Op-Ed: Gun control has a clear record of failure

by Tom Gresham

In the wake of the horrific murders at the Sandy Hook school in Connecticut, America has been deluged with calls for ever-more-restrictive gun-control laws, and that's understandable. It's natural to think that's the solution if you don't know these measures have been tried and have always failed.

We crave a solution so much that we'll ignore the record and keep repeating failed policies.

We are told that we need gun-control laws. Sounds good, right? Should we make it illegal for anyone adjudicated to be mentally ill to buy a gun? Let's make it illegal for felons to possess guns. Let's license gun dealers and require the FBI to do a background check on anyone buying a gun from these stores. How about an age restriction on buying guns? Gun shows should have to follow the same laws as everyone else.

All those already are law, and there are some 20,000 additional gun-control laws in the U.S. Before one can rationally call for passage of gun laws, he or she must know what already is covered.

How about a ban on "assault weapons?" We're told this is only common sense. But, what is this thing called an assault weapon? It's not a machine gun. There were no machine guns covered in the original assault-weapon ban because those firearms already are tightly restricted. No, the auto-loading (called semi-automatic) rifles included in the original law simply looked like military guns. They should be banned on the basis of how they look? They fire only one shot with each pull of the trigger, like a revolver or the cowboy-style lever-action rifle used by John Wayne.

Semi-automatics have been around for more than 100 years. President Teddy Roosevelt hunted with a semi-automatic rifle, as do millions of hunters today.

For 10 years (1994 to 2004) we banned only those semi-automatic rifles that look like military guns. Prohibitionists' logic dictates that the demise of this law in 2004 should have spawned a huge increase in crime with rifles. Didn't happen. More people are killed with fists and feet than with rifles of any kind, and semiautomatics constitute merely a subset of rifles. In short, the ban failed. It had to.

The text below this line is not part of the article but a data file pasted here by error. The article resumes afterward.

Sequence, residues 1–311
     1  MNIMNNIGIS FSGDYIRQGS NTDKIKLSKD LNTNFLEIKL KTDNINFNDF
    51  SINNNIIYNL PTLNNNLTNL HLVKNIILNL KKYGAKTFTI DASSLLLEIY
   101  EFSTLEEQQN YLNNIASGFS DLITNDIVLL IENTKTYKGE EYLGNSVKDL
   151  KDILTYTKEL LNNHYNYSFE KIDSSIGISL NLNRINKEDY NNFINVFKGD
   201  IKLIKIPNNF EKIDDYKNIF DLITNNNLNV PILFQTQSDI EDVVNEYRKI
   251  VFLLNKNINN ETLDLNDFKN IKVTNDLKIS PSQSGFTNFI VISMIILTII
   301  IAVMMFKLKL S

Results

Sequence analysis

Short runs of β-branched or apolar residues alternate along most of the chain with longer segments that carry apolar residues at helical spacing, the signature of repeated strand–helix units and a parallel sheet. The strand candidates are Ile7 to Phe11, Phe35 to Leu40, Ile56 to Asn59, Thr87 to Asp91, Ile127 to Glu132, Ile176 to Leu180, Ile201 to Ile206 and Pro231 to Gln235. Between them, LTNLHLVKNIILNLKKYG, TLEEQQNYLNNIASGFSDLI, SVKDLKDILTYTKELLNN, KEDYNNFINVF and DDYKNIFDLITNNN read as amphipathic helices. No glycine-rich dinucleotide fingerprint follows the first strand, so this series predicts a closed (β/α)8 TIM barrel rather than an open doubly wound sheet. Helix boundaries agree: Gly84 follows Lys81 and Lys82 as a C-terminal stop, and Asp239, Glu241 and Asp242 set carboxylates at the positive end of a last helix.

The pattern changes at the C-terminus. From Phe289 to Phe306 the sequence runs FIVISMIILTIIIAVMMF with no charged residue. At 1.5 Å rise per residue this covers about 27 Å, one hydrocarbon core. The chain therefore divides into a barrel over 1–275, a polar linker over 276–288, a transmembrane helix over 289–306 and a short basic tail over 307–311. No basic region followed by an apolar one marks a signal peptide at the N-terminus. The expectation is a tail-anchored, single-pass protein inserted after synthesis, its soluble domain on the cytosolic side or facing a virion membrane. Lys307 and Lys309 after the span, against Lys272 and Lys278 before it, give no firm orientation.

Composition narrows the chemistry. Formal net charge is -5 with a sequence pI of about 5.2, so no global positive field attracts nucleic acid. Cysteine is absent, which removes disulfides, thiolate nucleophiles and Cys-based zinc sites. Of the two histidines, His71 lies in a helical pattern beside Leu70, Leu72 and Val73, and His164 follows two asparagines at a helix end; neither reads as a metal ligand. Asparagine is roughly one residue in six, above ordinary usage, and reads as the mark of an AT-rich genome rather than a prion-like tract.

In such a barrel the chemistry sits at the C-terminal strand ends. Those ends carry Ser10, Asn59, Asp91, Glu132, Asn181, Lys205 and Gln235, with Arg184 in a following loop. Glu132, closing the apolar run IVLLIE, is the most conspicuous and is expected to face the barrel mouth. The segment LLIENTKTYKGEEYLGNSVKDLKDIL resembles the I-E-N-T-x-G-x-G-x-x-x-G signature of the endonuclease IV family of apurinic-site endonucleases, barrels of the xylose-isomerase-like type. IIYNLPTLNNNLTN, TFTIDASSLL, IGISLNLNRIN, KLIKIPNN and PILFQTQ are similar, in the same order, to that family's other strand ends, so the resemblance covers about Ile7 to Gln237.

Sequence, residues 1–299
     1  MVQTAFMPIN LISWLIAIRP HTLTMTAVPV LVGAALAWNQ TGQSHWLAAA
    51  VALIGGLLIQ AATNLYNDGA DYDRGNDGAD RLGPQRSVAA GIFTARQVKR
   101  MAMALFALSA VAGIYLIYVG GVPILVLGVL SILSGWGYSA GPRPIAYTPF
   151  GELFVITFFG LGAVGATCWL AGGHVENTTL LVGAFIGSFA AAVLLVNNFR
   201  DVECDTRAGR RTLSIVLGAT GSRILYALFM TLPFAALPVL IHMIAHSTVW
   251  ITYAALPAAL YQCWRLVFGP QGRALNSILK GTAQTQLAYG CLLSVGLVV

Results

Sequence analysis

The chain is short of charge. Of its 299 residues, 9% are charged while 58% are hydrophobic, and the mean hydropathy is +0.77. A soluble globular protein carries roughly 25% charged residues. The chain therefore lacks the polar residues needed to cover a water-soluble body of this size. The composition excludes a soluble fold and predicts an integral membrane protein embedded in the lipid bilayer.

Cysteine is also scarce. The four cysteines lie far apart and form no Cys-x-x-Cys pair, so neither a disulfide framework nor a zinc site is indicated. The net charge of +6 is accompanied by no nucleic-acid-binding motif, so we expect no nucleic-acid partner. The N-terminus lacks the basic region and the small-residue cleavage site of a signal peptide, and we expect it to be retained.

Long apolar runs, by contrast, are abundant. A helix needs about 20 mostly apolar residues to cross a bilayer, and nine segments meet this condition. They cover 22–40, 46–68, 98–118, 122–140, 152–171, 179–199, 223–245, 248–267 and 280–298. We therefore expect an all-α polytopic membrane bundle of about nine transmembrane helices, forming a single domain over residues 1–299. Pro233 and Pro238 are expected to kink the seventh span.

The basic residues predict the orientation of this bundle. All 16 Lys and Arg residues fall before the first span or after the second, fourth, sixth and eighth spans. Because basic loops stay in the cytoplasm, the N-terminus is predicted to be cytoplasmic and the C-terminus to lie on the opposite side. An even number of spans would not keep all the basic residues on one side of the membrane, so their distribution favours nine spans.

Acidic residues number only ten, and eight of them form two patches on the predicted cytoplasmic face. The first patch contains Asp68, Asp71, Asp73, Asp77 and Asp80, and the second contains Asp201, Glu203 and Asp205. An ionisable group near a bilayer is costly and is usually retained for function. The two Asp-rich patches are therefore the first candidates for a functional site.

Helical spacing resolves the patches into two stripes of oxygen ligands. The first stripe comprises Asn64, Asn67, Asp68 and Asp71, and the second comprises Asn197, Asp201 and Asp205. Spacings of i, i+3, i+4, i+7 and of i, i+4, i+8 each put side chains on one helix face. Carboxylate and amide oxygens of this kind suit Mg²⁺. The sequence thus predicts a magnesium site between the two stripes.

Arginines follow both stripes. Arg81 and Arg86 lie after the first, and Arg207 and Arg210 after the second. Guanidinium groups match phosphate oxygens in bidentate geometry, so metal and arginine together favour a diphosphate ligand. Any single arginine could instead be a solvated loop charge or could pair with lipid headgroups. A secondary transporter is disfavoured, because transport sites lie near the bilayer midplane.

The National Academy of Sciences studied gun laws in the U.S. and reported it could find no link between restrictions on gun ownership and lower rates of crime, firearms violence or accidents with guns.

Over the past 20 years, the rates of violent crime and murder have dropped by half in the U.S., according to the FBI. That's astounding. We have more guns and more gun owners, but the rate of violent crime and murder went down by half. Accidental shooting deaths also declined. How can this be?

Two things were done, and they work.

Over the course of a half-century, with more guns and more gun owners, the number of gun accidents resulting in death has fallen because of education. Gun owners, through various programs, have taught safe gun storage and gun handling and have brought into our schools the Eddie Eagle program, which teaches young children to not touch guns and to tell an adult if they find one.

The major change in America's gun laws over the past two decades is removing prohibitions against people carrying guns for protection. The concealed-carry movement started in Florida amid catcalls from the media — which dubbed it the "Gunshine State" — and predictions that every fender-bender accident would result in gunshots. That didn't happen there, and it didn't happen in the other states. More good people are carrying guns, and the violent-crime and murder rates decline.

We have a clear track record of what works to increase our safety. We know what doesn't. Arming good people does, in fact, reduce crime. Banning certain types of firearms, or the loading devices, does nothing to stop mentally ill people and criminals.

Focusing on the failed siren song of gun control diverts us from doing things that actually work, such as programs to secure firearms. Congress eliminated the funding for "Project Childsafe," a program created by the firearms industry to educate gun owners about safe storage and to distribute millions of gun locks.

We all want to do something, but it is foolish and wasteful to return to a policy with a clear record of failure.

Tom Gresham is the host of the nationally syndicated radio show Tom Gresham's Gun Talk. This op-ed originally appeared in The Columbus Dispatch.

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